Pirates of the Caribbean (2003-2007) dir. Gore Verbinski
Starring: Johnny Depp, Orlando Bloom, Keira Knightly, Jack Davenport, Geoffrey Rush, Bill Nighy
** (the films)
**** (the making of)
The “Pirates of the Caribbean” series is one of the most successful franchises in cinema history. But on the Rotten Tomatoes meter each film seemed to have decreasing critical returns - 79% for “Curse of the Black Pearl”, 54% for “Dead Man’s Chest” and 45% for “At World’s End”. But the “Pirates” brand grew to be so robust it was completely immune to all negative criticism (the domestic box-office totals for each respective film was $305, $423 and $309).
So the fact that I disliked all the three films clearly carries no weight in the enormous amount of press coverage of the series. The most entertaining aspect of the series for me is not the final product, but how these films got made.
Disney has released the three films on Blu-Ray recently, and cinephiles who think the Pirates series is a throwaway franchise or something to put on the TV to occupy their kids should reconsider. Scour the Bonus Disc on "Dead Man's Chest" for the two making-of documentaries and you'll find the real treasure of the franchise.
The two stand alone documentaries, “Charting the Return Pre-production Documentary” (25:00mins) and “According to Plan: The Harrowing and True Story of Dead Man’s Chest” (59:00mins) which together total a feature length film, is as good as any making-of special features I’ve ever seen on DVD. Both are true documentaries (not glorified featurettes) shot in verite, fly on the wall style with comprehensive access to all aspects of the production. Although it's still a product of Disney and largely a happy affair all around, we get to see the nuts and bolts, pitfalls and triumphs of this massive production.
“Charting the Return” introduces director Gore Verbinski in his production office looking unpretentious, calm and completely ordinary even though he’s in command of one of the most complicated and expensive series of films ever made. Jerry Bruckheimer and his team freely admit they are all working backwards from the release date, which means starting pre-production before the scripts are even finished, usually a recipe for disaster for any production. But money and talent have always trumped logic with the "Pirates" series. Cameras follow Verbinski into casting meetings, department head meetings, location scouts, stunt training, budget meetings and more - rare access into the ‘business of Hollywood’.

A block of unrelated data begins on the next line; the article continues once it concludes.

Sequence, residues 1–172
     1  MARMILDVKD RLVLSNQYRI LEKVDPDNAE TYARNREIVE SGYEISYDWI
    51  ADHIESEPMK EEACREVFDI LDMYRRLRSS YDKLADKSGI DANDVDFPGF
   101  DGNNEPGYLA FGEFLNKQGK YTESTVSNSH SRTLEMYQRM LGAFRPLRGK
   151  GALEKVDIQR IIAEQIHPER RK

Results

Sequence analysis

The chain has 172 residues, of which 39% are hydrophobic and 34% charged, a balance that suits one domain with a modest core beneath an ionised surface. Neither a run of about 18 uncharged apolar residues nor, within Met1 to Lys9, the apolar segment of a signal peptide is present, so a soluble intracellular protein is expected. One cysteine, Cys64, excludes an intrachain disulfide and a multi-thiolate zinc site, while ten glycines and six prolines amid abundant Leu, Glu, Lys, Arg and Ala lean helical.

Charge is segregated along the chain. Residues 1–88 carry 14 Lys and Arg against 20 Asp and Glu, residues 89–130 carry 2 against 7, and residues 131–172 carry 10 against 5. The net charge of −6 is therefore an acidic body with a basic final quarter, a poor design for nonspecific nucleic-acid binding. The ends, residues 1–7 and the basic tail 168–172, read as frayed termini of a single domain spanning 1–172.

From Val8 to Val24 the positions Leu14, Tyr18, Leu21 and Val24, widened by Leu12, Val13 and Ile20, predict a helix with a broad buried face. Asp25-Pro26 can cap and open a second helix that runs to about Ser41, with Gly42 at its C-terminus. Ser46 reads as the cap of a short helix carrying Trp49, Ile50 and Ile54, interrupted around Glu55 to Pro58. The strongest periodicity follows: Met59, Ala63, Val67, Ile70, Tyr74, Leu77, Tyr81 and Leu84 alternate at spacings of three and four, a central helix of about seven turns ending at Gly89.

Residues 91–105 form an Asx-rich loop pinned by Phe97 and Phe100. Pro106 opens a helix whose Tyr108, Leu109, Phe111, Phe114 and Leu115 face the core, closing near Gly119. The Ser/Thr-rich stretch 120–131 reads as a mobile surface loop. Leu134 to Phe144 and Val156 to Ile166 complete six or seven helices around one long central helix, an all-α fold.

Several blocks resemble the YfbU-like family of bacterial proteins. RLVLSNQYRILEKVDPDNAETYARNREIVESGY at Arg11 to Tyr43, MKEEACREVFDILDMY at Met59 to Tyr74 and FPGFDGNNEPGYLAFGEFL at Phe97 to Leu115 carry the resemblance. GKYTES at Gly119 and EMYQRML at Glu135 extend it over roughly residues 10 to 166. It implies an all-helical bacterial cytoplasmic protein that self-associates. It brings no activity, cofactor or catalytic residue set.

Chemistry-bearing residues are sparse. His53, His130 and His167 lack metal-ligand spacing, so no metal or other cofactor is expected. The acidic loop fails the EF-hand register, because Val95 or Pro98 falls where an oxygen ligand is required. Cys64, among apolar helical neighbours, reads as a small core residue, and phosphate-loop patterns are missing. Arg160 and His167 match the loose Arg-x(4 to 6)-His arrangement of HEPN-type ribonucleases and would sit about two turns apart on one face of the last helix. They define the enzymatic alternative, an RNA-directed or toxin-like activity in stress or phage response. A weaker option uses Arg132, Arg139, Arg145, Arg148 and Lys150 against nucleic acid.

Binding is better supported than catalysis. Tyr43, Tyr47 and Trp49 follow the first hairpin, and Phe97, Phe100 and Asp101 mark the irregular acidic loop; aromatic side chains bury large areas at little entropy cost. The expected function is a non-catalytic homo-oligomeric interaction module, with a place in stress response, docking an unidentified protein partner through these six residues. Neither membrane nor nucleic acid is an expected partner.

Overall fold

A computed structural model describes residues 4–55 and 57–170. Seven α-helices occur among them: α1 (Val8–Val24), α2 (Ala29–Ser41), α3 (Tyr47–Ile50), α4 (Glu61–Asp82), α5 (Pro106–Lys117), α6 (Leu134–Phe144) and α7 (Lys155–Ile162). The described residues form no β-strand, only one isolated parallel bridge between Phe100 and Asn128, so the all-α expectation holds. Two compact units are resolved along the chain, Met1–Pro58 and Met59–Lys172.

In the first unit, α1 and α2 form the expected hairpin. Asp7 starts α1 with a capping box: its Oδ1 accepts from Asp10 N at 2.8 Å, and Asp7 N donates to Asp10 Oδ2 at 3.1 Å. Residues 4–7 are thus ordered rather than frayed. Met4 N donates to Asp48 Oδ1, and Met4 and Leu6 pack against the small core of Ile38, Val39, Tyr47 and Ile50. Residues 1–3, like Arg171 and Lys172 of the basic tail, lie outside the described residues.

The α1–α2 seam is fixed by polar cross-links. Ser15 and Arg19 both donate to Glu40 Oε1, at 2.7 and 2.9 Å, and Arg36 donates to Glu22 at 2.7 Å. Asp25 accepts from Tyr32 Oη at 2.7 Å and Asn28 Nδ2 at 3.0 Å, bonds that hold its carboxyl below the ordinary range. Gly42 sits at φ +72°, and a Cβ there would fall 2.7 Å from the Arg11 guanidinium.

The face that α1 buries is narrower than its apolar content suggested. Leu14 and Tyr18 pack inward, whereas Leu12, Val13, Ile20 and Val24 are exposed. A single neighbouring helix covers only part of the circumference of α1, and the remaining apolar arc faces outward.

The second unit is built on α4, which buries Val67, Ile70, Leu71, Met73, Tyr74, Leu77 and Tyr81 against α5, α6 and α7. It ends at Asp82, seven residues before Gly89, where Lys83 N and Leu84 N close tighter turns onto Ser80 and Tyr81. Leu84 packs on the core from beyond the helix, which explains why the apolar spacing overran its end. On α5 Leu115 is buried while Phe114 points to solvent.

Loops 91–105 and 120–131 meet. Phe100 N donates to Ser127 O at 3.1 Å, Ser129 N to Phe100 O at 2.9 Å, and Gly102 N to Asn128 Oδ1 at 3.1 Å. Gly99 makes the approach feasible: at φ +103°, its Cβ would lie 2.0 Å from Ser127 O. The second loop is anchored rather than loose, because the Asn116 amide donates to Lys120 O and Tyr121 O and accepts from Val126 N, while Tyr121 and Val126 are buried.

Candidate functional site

The pre-production doc fits well into the production documentary “According to Plan”. Again, instead of filling the running time with clips of the film, or press-junkit interviews, we get a fly-on-the-wall candid look into the ambitiousness of the film. I must give credit to Verbinski for choosing real-life location filmmaking over manufactured studios environments or relying computer graphics to create his on-screen world. The filmmakers go on a 200-day 'adventure' to the Bahamas, Dominica, St. Vincent to achieve 100% authenticity. Some of the more incredible on-set stories we witness first hand are the impressive engineering achievements in bringing 500+ crew members and all their equipment, trailers and trucks into some of the most remote places in the Caribbean. There was as much urban planning, engineering and infrastructure-building as filmmaking over the production period. Mountains were excavated so new roads could be shoveled, leveled, and asphalted to allow the heavy-load trucks to scale the mountainous terrain and access the interior of the island.
It’s the best example of Hollywood production philosophy – if you throw enough money at a problem anything will be solved.
While the undertaking is impressive, unintentionally the documentaries also expose the ironies of Hollywood. As quickly as the filmmakers parachuted into the Caribbean, dropped their hundred million dollars worth of cast, crew and gear, they jettisoned themselves out of there to move onto the next set. Out of sight, out of mind.
While the crew members are not shy to impress us with their achievements, in the big picture it’s hard not think of the ridiculousness and economic irresponsibility of the whole endeavour. With the manpower, money and efficiency the filmmakers and crew put into making these films imagine what could be achieved if these resources and energy were applied to creating real sustainable infrastructure for other struggling Caribbean nations, like Cuba, or Haiti.
And at the end of the phenomenal 200 days the legacy of their work is a few hours of disposable entertainment. Hurray for Hollywood, there’s nothing like it in the world.